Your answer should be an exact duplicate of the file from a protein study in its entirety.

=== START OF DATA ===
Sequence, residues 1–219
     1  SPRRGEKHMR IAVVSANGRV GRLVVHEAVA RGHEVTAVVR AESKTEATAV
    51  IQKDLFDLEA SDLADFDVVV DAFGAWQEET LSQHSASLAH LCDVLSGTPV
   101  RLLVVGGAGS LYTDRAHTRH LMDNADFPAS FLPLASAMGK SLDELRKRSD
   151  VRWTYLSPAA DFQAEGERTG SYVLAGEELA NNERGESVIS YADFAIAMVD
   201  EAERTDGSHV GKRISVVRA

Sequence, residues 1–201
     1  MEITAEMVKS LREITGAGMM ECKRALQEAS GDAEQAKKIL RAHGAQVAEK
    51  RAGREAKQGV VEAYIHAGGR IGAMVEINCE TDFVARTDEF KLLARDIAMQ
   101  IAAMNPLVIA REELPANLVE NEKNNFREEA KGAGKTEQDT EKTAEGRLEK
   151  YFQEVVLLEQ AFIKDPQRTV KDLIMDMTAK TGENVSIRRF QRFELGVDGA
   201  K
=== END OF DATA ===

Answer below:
Sequence, residues 1–219
     1  SPRRGEKHMR IAVVSANGRV GRLVVHEAVA RGHEVTAVVR AESKTEATAV
    51  IQKDLFDLEA SDLADFDVVV DAFGAWQEET LSQHSASLAH LCDVLSGTPV
   101  RLLVVGGAGS LYTDRAHTRH LMDNADFPAS FLPLASAMGK SLDELRKRSD
   151  VRWTYLSPAA DFQAEGERTG SYVLAGEELA NNERGESVIS YADFAIAMVD
   201  EAERTDGSHV GKRISVVRA

Sequence, residues 1–201
     1  MEITAEMVKS LREITGAGMM ECKRALQEAS GDAEQAKKIL RAHGAQVAEK
    51  RAGREAKQGV VEAYIHAGGR IGAMVEINCE TDFVARTDEF KLLARDIAMQ
   101  IAAMNPLVIA REELPANLVE NEKNNFREEA KGAGKTEQDT EKTAEGRLEK
   151  YFQEVVLLEQ AFIKDPQRTV KDLIMDMTAK TGENVSIRRF QRFELGVDGA
   201  K